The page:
By KAITLYN NAPLES
Bristol real estate property owners should expect to receive their final revaluation notices the second week of January. These notices come every five years, and tell property owners how much their piece of land, commercial or residential, has been assessed at. The last time revaluation was held in Bristol was 2007.
The city’s assessor, Tom DeNoto, said between 2002 and 2007 the tax burden was pushed onto city residential property owners. He said in his opinion, in 2006, the market “peaked.”
“That was when we hit a residential cliff,” DeNoto said, adding that the residential property values were outpacing the commercial.
This year, DeNoto said, since 2007 the situation has made a “360 degree turn,” and homeowners should be expecting an average of a 15 percent decrease in real estate value.
Now, homeowners just want to know how much their taxes will go up or down. Unfortunately, DeNoto doesn’t have that answer just yet. Homeowners won’t know officially until the mill rate, currently 28.75 mills, is set for the next fiscal year. If the mill rate stayed the same for the next fiscal year, property taxes would likely decrease. The mill rate adjusts based on the Grand List, which is expected to be signed off at the end of January, and deficit spending. The Grand List is 80 percent residential and 20 percent commercial. There are about 21,141 taxable parcels in the city, DeNoto said.
On the commercial side, those values stayed relatively moderate, DeNoto said, and apartments in Bristol are seeing high occupancy rates, which could be because people can’t afford to purchase single-family homes right now. ESPN, one of the city’s largest taxpayers, will see its value increase. As far as personal property (which is the terms used for equipment such as power lines, assembly lines, computers, etc), such as what manufacturers are taxed on, the value decreased by 2 percent. Even though it is technically a decrease, DeNoto said it is an increase because after one year of new property, it devalues by 10 percent every year after that.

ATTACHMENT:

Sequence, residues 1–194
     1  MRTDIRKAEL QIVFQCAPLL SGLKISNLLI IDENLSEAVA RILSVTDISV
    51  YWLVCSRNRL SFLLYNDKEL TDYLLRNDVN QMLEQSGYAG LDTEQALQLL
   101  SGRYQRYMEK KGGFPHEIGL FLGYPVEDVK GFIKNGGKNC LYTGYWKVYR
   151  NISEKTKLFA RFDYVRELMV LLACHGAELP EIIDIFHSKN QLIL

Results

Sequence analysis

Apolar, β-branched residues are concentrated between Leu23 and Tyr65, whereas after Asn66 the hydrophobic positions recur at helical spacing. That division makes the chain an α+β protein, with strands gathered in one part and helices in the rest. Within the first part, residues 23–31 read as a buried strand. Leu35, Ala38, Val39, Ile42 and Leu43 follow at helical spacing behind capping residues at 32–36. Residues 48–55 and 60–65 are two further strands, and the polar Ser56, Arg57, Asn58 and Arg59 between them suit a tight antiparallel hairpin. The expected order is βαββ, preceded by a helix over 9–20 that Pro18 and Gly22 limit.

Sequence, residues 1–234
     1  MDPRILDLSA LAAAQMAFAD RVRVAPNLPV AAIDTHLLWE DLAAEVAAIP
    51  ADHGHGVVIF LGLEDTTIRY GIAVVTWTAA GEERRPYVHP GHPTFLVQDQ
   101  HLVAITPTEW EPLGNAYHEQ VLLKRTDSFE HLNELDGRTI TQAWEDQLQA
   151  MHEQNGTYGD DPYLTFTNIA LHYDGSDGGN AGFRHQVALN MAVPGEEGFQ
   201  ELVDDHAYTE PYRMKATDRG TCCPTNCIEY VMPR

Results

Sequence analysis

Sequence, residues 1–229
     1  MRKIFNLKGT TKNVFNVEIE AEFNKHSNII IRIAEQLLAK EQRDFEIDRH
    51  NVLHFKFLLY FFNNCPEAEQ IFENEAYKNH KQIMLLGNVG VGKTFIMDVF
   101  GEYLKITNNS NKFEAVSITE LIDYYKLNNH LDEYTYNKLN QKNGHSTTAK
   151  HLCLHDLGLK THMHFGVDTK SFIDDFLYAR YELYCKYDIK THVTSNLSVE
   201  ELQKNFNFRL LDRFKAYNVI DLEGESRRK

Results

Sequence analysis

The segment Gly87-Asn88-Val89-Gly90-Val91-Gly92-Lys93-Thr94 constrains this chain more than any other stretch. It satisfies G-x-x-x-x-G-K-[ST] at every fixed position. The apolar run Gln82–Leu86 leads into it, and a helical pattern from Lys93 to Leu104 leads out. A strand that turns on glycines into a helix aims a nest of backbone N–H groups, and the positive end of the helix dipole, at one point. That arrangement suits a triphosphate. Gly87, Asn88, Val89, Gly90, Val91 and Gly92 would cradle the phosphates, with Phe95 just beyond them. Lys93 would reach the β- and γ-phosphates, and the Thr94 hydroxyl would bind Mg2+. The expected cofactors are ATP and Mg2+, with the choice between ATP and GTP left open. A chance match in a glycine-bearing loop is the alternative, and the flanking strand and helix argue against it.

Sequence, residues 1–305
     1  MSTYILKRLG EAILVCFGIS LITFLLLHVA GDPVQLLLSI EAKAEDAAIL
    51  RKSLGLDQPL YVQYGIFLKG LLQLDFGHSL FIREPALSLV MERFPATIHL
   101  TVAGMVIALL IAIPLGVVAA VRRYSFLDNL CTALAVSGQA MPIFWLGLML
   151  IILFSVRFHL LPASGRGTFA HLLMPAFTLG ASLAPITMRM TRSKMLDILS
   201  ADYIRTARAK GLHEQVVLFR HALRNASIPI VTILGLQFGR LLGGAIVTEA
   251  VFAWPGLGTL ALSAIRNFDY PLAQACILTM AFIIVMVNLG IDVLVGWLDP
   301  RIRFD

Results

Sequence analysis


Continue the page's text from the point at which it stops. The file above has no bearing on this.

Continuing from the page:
“It still shows growth and redevelopment in Bristol,” DeNoto said, adding that Bristol is the 11th largest city in Connecticut, and “we have a thriving Federal Hill and Chippens Hill,” and over one dozen new properties were built over the last year.
“There’s upward mobility,” he said. “The economy in Bristol is still good.”
Reasons for property values decreasing is largely because of the real estate market. DeNoto said there are thousands of available properties just in Bristol, some of which are due to foreclosures. Five years ago, said DeNoto, values were inflated. Most of the young generation wasn’t able to put 10 percent down on a $250,000 home. Values of homes have gone down, however, a lot of them are older so the amount of work and rebuilding that has to go into homes is still expensive.
Residents likely will see an increase on their motor vehicle tax bill this year. Even if there is a mill rate increase that isn’t enough to make a dent in a property tax bill, vehicle owners will probably see an increase on that tax bill. DeNoto said ever since “cash-for-clunkers” program began, new car sales have declined drastically. He said the Supplemental Motor Vehicle tax list, which is for vehicles that were registered between Oct. 2 and July 31, has increased by 7 percent in the last two years. The cars that fall under this tax list are usually replacement ones or downsizing.
As far as neighborhoods go, values in the West End neighborhood saw about a 20 percent decrease in value, while the northeast portion of the city, which is the side closest to Farmington, saw less than a 15 percent decrease in value.
Residents should be receiving their final revaluation notice the second week of January. If desired, residents must file a “notice to appeal” form by Feb. 20. Forms are available on the assessor’s page on the city’s website, www.bristolct.gov/ assessor, or in the assessor’s office on the first floor of City Hall, 111 N. Main St., Bristol. Hearings are scheduled to be held in March.
Comments? Email knaples@BristolObserver. com.
By KAITLYN NAPLES